Chaos theorists have suggested that a butterfly flapping its wings in Brazil might cause a tornado in Texas. Well, we can't say for sure if the same goes for paper butterflies, but there will be plenty of flapping at Leland Faulkner's World of Wonder, and if the inverse theory also applies, Rio de Janeiro is about to experience a tsunami.
Faulkner has been touring for more than 20 years and has performed in venues throughout the United States and the world. His family-friendly production weaves together myths and magic from lands such as Japan, Africa, Germany and England. From an early age, Faulkner embraced a variety of cultures: He was born in Afghanistan to Native American parents and has lived in Tanzania and Iran. World of Wonder integrates several mediums including pantomime, origami and shadow play to tell tales about Faulkner's travels and experiences through pieces such as "The Sky God's Dance," based on African culture, "Mic Mac Tales," which originated with Native Americans, and, of course, "A Flight of Butterflies" and "The Paper Folder," drawn from Japanese tradition.
An apparent Renaissance man, Faulkner is trained in mime, acting, directing, choreography and special effects. He is also a licensed pyrotechnician, though a man who does both fireworks and origami seems, at least to us, like a four-alarm accident waiting to happen. (We can't imagine that children would be too delighted to see butterflies burst into flame, either. We could be wrong.) Faulkner gained his experience through the dying tradition of master and apprentice, studying under Tony Montanaro (who himself trained with Marcel Marceau) and the late Jacque Lecoq. At every turn, Faulkner aims to break ground for more expressionistic, imaginative visual theater. In pursuit of a more modern medium, Faulkner recently received a degree in filmmaking from the Brooks Institute in Santa Barbara, California, and has put his study into practice, winning a CINE Eagle Award for his film As Luck Would Have It.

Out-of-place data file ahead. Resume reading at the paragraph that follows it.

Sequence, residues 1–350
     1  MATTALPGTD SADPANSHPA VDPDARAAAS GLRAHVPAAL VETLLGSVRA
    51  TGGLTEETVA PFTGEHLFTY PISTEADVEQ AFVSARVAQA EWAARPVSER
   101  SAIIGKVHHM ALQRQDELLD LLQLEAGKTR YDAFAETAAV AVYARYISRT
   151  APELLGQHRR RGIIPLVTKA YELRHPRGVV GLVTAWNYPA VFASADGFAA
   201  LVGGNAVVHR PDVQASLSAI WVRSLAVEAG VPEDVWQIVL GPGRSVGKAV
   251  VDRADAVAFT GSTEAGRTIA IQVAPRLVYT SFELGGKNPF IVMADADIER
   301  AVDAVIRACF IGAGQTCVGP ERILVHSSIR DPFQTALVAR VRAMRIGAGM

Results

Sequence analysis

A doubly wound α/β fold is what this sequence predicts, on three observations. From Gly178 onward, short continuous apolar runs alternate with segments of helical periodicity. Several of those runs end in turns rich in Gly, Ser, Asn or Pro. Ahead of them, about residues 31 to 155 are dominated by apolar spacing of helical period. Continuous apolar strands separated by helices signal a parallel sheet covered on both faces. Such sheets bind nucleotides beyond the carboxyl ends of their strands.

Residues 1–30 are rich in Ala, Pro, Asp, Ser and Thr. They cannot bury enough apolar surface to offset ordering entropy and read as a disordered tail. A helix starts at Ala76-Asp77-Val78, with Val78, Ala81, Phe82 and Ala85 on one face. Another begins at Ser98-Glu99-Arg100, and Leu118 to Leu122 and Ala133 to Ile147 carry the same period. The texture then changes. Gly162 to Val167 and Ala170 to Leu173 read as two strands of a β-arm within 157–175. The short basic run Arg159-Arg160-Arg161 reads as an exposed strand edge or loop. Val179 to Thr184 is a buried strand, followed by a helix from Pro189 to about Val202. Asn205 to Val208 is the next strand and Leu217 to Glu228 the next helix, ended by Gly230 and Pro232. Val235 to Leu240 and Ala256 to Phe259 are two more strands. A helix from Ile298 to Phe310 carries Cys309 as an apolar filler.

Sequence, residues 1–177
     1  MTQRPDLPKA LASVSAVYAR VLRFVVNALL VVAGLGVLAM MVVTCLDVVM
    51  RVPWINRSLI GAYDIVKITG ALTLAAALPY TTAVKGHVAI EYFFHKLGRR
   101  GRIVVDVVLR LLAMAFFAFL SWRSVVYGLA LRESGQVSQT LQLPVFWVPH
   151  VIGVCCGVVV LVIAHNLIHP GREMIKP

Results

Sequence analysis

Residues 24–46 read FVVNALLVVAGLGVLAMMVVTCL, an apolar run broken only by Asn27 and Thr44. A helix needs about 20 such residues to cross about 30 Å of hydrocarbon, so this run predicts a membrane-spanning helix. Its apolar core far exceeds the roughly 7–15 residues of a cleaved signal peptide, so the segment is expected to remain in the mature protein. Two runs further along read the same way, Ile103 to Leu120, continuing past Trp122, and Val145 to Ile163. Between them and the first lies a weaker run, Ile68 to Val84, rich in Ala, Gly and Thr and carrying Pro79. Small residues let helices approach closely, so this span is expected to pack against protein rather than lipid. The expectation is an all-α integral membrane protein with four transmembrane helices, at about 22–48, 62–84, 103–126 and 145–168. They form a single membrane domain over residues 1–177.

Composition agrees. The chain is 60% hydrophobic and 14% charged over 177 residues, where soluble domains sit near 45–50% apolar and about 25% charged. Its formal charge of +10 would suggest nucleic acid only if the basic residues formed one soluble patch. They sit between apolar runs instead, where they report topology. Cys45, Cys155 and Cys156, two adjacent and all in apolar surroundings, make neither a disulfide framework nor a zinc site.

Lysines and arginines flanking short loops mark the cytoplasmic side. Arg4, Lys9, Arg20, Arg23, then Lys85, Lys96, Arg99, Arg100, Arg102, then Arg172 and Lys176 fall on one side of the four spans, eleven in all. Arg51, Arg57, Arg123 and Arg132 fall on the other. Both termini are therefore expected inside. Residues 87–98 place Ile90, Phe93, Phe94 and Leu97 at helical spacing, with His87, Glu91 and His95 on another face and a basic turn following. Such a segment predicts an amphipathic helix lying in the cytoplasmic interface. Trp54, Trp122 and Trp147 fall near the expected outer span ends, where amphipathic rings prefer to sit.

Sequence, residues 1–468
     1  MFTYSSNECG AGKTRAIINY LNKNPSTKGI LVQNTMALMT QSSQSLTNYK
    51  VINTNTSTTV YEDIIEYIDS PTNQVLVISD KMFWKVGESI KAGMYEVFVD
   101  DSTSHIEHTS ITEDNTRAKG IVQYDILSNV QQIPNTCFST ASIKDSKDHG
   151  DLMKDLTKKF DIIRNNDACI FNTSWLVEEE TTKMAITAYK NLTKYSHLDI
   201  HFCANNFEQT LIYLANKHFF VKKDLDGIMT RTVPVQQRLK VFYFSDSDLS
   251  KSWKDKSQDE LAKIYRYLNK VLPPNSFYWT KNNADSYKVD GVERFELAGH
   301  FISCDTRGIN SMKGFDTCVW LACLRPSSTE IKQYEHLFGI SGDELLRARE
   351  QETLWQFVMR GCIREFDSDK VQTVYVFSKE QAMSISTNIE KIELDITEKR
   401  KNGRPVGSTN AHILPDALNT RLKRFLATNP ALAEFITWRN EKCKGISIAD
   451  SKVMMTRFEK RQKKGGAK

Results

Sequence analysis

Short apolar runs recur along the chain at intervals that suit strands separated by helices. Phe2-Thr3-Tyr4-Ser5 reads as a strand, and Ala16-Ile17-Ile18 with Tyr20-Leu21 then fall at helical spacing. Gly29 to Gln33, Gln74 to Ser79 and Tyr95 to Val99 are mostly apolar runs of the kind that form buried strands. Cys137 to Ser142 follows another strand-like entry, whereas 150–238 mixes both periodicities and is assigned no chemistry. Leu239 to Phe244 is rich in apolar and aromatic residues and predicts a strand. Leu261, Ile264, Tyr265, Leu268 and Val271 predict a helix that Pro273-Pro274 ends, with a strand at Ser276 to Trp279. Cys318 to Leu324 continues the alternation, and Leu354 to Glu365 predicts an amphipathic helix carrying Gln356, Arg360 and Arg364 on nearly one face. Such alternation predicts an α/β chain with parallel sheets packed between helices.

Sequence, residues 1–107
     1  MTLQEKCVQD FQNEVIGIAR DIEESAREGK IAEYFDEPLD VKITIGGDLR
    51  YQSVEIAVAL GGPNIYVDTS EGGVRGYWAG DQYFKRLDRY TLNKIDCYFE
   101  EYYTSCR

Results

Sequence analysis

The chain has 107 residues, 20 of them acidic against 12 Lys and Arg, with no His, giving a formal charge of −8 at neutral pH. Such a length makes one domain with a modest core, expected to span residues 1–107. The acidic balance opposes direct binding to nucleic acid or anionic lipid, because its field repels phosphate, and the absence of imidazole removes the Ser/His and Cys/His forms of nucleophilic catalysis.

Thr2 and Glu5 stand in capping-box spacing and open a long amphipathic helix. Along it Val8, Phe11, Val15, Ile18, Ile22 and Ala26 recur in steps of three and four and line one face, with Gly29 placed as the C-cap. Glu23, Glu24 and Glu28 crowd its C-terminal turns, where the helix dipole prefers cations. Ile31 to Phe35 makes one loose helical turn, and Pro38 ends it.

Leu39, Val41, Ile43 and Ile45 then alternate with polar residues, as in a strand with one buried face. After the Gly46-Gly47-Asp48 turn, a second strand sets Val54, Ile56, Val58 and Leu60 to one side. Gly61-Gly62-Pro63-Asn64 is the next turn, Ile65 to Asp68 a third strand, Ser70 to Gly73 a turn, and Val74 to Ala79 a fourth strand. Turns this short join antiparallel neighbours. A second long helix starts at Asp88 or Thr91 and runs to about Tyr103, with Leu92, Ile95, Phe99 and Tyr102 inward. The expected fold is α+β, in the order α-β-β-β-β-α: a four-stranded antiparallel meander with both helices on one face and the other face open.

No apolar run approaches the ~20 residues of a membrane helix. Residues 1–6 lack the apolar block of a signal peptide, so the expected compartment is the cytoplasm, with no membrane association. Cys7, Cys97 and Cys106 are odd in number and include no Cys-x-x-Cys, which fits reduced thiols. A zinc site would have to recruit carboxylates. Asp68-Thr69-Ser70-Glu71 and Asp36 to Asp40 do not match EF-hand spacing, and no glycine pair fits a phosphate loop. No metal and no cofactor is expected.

World of Wonder seeks to combine the actions on the stage with the interaction of the audience. And if you object, as so many do, to other "audience participation" stunts such as clucking like a chicken or being sawed in half, don't worry; this performance engages the imagination rather than the body of the viewer. Faulkner's use of visual effects--the interplay of light, shadow and magic--creates a new art form from the ancient arts of theater, puppetry and origami. The dexterity of the artist and the imagination of the spectator breathe life into the intricate folds. The piece is built around the performer's conviction that the ability to "make believe," especially in the illusion world created by theater, is a universal need, necessary at every age. (You'll know you're in too deep if you start questioning, like an ol' Chinese philosopher, "Did I dream the butterflies, or did they dream me?" In this case, it's just paper, folks.)
Even the type who thinks small squares of paper are better suited for rolling than origami (meaning, the grown-up kids) will enjoy Faulkner's performance. Just a little suspension of disbelief, a little faith in magic and the butterflies will fly for you, too.